The film, which is also the most expensive production made in Turkish film history, has quickly turned into a blockbuster, and over a quarter of a million people in Turkey and Germany have watched it since its release a week ago, Israel's leading newspaper Yedioth Ahronoth reported.
Last weekend, the number of viewers shot up from 60,000 to 260,000.
The film's plot revolves around a "Turkish Rambo" in Iraq, who seeks to take revenge against the arrest of a group of Turks by the Americans in Iraq.
It contains scenes of abuse and violence, carried out by actors playing U.S. soldiers against Iraqi civilians.
In one scene, an American Jewish doctor is seen removing kidneys from the bodies of Iraqis for implants in Israel and the U.S.
Makers of the film claim that the plot is based on "real events" in Iraq.
The Committee of Jewish Communities in Germany announced that those who support the screening of the film are encouraging hatred of Jews. Bavaria President Edmund Stoiber said the film could harm efforts to absorb Muslim immigrants into Germany, since it spreads hatred and lack of faith in the West, and plays into the hands of extremists.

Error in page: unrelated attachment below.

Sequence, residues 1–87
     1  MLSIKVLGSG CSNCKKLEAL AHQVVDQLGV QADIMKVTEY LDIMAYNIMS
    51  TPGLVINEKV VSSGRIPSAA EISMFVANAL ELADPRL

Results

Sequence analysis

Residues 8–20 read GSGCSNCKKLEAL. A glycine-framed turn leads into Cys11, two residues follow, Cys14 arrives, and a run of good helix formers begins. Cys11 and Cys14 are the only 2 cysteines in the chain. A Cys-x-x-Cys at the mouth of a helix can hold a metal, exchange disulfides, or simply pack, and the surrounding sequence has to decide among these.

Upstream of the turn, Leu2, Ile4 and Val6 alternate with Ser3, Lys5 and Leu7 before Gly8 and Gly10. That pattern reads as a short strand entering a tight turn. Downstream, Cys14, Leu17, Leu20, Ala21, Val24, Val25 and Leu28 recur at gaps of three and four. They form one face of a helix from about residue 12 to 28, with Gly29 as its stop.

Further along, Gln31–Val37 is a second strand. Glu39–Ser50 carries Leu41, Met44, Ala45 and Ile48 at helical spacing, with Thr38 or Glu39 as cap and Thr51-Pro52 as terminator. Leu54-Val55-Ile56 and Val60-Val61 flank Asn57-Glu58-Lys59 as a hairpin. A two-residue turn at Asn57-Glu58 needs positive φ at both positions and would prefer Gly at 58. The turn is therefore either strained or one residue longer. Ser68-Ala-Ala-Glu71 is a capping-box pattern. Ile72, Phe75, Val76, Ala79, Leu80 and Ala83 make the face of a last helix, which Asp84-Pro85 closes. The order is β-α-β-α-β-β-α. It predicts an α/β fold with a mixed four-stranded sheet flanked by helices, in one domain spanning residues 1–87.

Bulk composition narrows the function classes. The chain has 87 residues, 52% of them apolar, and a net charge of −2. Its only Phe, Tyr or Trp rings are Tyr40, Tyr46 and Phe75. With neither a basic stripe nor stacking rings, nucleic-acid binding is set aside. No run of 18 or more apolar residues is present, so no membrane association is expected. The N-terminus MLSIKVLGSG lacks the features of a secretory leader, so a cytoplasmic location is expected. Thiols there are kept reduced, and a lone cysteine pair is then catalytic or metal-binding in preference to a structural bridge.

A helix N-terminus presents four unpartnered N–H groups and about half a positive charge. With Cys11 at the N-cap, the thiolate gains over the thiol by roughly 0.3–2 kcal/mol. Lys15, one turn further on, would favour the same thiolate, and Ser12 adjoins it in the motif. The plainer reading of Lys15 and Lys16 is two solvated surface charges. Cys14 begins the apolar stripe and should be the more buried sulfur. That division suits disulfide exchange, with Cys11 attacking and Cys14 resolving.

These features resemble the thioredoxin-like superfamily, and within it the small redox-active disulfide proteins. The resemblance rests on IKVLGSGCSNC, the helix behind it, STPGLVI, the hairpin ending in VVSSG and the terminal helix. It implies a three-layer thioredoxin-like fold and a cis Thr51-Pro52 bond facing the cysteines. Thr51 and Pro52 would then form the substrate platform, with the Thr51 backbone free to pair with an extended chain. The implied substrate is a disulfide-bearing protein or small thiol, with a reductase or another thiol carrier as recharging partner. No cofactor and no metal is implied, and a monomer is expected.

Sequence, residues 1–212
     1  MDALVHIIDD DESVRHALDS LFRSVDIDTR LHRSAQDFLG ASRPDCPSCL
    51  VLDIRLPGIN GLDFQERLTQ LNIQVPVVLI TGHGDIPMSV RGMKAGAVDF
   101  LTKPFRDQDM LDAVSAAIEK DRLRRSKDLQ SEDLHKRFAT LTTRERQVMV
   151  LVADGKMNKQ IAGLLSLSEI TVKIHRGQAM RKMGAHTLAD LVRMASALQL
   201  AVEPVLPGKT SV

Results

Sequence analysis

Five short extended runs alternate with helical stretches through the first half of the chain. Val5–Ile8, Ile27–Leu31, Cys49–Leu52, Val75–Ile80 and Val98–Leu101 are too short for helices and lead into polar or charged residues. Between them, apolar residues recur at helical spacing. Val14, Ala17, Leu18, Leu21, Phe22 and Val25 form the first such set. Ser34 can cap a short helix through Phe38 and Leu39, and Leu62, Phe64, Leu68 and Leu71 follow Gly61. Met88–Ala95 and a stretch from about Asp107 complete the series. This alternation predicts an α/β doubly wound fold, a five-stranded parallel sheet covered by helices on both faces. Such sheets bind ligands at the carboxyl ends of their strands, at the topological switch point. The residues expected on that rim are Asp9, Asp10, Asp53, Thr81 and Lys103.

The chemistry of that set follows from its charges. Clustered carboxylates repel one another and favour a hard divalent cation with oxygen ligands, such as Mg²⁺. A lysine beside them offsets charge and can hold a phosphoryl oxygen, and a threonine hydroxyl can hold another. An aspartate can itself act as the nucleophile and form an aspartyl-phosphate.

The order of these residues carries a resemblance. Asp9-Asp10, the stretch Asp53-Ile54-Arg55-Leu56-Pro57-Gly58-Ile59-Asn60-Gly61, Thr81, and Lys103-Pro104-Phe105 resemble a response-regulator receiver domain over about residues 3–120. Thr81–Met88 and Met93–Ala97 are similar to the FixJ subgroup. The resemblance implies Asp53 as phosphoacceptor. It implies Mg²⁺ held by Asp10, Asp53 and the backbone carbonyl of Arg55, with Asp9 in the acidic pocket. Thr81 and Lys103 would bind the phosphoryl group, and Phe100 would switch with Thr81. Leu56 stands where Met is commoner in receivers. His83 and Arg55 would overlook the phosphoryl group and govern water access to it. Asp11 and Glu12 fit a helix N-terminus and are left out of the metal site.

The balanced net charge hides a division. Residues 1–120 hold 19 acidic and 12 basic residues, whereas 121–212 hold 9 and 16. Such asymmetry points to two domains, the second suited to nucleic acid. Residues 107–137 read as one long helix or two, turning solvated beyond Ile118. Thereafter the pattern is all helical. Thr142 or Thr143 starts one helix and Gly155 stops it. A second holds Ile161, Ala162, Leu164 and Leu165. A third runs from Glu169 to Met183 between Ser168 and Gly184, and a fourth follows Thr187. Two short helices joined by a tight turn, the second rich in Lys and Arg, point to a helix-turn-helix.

Meanwhile, the Absorption Minister in North Rhein-Westphalia said that the film showed a crusade by Jews and Christians and Muslims, thereby spreading hatred and causing tensions between the religions
Sources in the Turkish community in Germany rejected the condemnations of the film and claimed that it was merely "anti-war," and accused right-wing politicians of encouraging a negative atmosphere against the Turkish population in the country. The Valley of the Wolves – Iraq has also been screened in Austria, where it became the eleventh most watched movie.